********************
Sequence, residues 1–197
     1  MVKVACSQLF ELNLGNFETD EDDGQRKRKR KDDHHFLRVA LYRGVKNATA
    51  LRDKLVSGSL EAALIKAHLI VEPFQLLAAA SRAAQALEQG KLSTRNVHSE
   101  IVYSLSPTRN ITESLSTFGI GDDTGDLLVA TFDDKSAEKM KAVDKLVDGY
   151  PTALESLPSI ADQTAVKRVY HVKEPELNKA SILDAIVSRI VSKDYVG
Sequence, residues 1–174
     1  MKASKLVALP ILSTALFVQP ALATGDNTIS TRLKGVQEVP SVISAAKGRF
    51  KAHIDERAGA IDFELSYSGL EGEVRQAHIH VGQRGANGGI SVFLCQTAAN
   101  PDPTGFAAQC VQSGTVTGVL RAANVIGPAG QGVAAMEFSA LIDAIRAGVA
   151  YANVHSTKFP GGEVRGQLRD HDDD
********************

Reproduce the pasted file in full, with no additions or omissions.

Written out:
Sequence, residues 1–197
     1  MVKVACSQLF ELNLGNFETD EDDGQRKRKR KDDHHFLRVA LYRGVKNATA
    51  LRDKLVSGSL EAALIKAHLI VEPFQLLAAA SRAAQALEQG KLSTRNVHSE
   101  IVYSLSPTRN ITESLSTFGI GDDTGDLLVA TFDDKSAEKM KAVDKLVDGY
   151  PTALESLPSI ADQTAVKRVY HVKEPELNKA SILDAIVSRI VSKDYVG
Sequence, residues 1–174
     1  MKASKLVALP ILSTALFVQP ALATGDNTIS TRLKGVQEVP SVISAAKGRF
    51  KAHIDERAGA IDFELSYSGL EGEVRQAHIH VGQRGANGGI SVFLCQTAAN
   101  PDPTGFAAQC VQSGTVTGVL RAANVIGPAG QGVAAMEFSA LIDAIRAGVA
   151  YANVHSTKFP GGEVRGQLRD HDDD